Posted on February 16th, 2017 by David Taplin
We all use Google to search the internet every day and we are all very used to just pumping in words and hitting ‘Google Search‘. We then end up sifting through many results to try and find what we are after.
This process can take several attempts with slight (or major, depending on the results you achieve) changes to the selection of keywords that you use to allow you to obtain the precise result you were after.
There is however a selection of ‘search operators’ or ‘syntax’ that will allow you to streamline your results without having to delve into the advanced search to produce relevant results and here is a list of some of the most useful.
Syntax / Symbol
Purpose / Result
|Adding a plus (+) symbol in front of your search keywords will ensure that that particular keyword will definitely be included in the search results. For example the search term ‘car’ would be a very broad search however if you added ‘car +classic’ Google would display all websites with the words ‘car’ and ‘classic’ in the content|
|By placing a minus (-) symbol in front of your keywords will ensure that websites or pages without those particular words are eliminated from the search results. For example if you searched for the term ‘trainers -nike’ Google will return results that have the word ‘trainers’ in but not the word ‘nike’. You can also add the (-) symbol before websites to eliminate the search from that site as well, for example ‘trainers -site:wikipedia.org’ would carry out a search for trainers but will not search the site Wikipedia.org at all.|
|By adding the (@) symbol before any keywords or phrases it will reveal results relating to social media tags.|
|#||By adding the (#) symbol before any keywords or phrases will result in the search bringing back trending topics, for example #beiber.|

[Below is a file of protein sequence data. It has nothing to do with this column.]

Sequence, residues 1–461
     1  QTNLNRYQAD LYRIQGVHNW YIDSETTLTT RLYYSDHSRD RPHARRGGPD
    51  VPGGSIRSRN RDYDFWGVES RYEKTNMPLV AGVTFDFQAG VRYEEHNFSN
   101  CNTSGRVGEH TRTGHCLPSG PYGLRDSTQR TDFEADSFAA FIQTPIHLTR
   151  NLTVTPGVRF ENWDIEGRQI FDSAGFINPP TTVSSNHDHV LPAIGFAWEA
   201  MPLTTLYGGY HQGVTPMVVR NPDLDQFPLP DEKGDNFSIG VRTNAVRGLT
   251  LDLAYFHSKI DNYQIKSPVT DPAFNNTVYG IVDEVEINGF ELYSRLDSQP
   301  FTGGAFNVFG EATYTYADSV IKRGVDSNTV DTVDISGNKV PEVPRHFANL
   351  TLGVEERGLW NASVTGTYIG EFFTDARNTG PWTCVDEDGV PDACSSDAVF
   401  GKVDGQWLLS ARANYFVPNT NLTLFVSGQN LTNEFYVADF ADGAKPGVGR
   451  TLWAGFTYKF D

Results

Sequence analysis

|“ ”||By adding your search terms within “quotation marks” your search will return all pages with those exact terms in that order, for example ‘imagine all the people’ will return all pages that have the words ‘imagine all the people’ in that order.|
|*||Adding an asterisk as a placeholder for any unknown terms will take this to be a ‘wildcard’ which means it will return pages containing the sentence where the asterisks will have any words in their place. Example: a * in the hand is worth two in the *|
|..||Adding two periods in between two separate sequential numbers will supply result pages being displayed showing results with all numbers in between those two sequential numbers. For example £10..£100|
|~||Adding a ‘tilde’ to a search keyword tells Google that you want it to bring back synonyms for the term.|
|Site:||By having the ‘site:’ prefix a web address or URL then adding the keyword e.g. ‘site:bbc.com weather’ will return all pages and content related to ‘weather’ on the bbc.comwebsite.|
|Link:||By typing ‘link:’ then a web address in your search, you will receive a list of websites that link to that web address.|
|intitle:||Type ‘intitle:’ then add your keywords to search for web pages that that you chosen keyword within the title of the page.|
|Info:||By using this operator ‘info’ then adding a web address, will return all information about a certain domain.|
There are hundreds more syntax and cool search operators you can use to make your life easier on Search Engines, we will be writing another article on more complex syntax very soon.
If you have any queries or questions on our article then please get in touch with us.